Sam Yahel: From Sun to Sun

Bill Beuttler reviews the new release from keyboardist Sam Yahel, 'From Sun to Sun

Sam Yahel switched his allegiance largely to Hammond B3 organ roughly 20 years ago, but don’t get the idea he gave up playing piano. For the past decade Yahel has also led a piano trio with bassist Matt Penman and drummer Jochen Rueckert, and their engagingly sophisticated new album, From Sun to Sun, deserves to catapult them into the front ranks of today’s working trios.

There is a touch of atmospheric organ here and there as well (most noticeably on the title track), but piano dominates the recording, with traces of Yahel’s apparent influences peeking out in various spots-as perhaps hinted at by the album’s title. A little of Ahmad Jamal’s airy precision here (“2 Pilgrims”), Herbie Hancock-style harmonics there (“One False Move”), Keith Jarrett-like bluesiness elsewhere (“Git It”), and occasional evocations of more than one of them (“Saba,” “Toy Balloon,” “By Hook or by Crook”). Nat King Cole famously performed two of the three standards covered (“A Beautiful Friendship,” which Cole sang to George Shearing’s accompaniment, and Vernon Duke’s “Taking a Chance on Love”), and Chick Corea recorded the third-Cole Porter’s “So in Love”-with his Akoustic trio a few years back. On the latter, Yahel’s playing calls to mind Corea and Bill Evans more than the others named above. “Prelude,” meanwhile, could cause listeners to think of Bach.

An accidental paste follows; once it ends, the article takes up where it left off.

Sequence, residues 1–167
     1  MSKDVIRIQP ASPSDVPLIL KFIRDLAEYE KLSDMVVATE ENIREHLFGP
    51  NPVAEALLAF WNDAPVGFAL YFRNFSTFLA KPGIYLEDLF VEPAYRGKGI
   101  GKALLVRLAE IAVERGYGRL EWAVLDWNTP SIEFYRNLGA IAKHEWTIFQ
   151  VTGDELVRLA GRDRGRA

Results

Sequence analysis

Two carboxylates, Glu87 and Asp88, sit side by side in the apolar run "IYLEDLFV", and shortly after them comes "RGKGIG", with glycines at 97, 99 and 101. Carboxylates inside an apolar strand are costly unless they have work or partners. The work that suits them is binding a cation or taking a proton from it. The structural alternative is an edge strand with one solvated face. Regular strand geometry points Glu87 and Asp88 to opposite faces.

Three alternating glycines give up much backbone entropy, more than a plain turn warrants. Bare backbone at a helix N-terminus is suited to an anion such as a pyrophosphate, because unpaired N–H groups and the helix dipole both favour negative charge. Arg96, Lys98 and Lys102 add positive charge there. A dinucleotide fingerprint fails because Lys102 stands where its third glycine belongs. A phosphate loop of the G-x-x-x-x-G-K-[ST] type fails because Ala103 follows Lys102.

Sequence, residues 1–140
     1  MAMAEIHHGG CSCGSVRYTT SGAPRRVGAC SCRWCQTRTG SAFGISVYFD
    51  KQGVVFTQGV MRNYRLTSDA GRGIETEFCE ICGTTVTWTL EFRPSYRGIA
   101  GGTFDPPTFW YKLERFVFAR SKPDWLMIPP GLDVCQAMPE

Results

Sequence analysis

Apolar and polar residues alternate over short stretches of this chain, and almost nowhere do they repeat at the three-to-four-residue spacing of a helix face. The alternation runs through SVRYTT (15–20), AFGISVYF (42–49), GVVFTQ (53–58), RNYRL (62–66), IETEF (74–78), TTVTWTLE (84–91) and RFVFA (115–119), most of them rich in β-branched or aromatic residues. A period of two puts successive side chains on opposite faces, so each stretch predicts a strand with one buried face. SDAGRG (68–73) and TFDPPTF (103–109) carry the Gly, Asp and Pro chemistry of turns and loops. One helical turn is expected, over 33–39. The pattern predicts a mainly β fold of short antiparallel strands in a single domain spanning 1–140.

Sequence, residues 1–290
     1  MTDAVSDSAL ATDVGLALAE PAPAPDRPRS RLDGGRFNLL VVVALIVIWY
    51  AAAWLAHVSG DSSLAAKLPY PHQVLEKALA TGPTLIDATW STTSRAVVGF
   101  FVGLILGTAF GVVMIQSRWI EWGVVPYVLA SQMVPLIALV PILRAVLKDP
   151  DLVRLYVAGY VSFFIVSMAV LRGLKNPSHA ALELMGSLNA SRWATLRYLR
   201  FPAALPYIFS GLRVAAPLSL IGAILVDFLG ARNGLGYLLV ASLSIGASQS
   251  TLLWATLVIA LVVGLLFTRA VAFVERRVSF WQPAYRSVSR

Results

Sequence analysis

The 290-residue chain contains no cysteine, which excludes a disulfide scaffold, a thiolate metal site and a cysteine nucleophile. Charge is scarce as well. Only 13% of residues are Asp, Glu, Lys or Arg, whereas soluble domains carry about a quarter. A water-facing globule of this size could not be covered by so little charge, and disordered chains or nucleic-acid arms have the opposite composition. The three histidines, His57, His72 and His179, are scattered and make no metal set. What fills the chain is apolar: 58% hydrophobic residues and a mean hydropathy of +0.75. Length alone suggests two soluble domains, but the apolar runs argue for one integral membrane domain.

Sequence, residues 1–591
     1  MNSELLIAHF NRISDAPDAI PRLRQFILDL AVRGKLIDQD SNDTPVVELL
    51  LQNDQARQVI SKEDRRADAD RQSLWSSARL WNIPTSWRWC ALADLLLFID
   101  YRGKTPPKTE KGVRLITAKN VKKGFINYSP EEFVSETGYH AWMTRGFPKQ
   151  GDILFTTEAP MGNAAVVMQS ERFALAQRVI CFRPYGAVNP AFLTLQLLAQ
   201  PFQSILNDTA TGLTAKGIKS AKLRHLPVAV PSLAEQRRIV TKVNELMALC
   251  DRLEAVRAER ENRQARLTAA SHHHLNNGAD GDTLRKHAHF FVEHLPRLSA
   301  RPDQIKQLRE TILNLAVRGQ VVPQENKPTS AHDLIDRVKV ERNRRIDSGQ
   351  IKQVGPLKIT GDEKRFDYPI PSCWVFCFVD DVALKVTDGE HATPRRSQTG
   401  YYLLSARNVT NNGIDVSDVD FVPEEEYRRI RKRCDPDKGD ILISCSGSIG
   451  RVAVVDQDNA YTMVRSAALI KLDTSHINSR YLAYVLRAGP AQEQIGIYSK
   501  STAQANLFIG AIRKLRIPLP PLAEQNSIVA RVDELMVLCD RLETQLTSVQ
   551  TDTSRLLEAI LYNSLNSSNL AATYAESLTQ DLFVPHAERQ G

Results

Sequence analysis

But Yahel is no mere mimic. His playing, improvising and composing are all quietly brilliant. His compatriots get their opportunities to shine, too-Penman on “Taking a Chance on Love,” or Rueckert on “One False Move,” or the two them jointly propelling “So in Love”-but they keep their focus on serving the trio and the music. And that music, like that of Yahel’s pianist predecessors, combines a highly enjoyable mix of challenge and charm.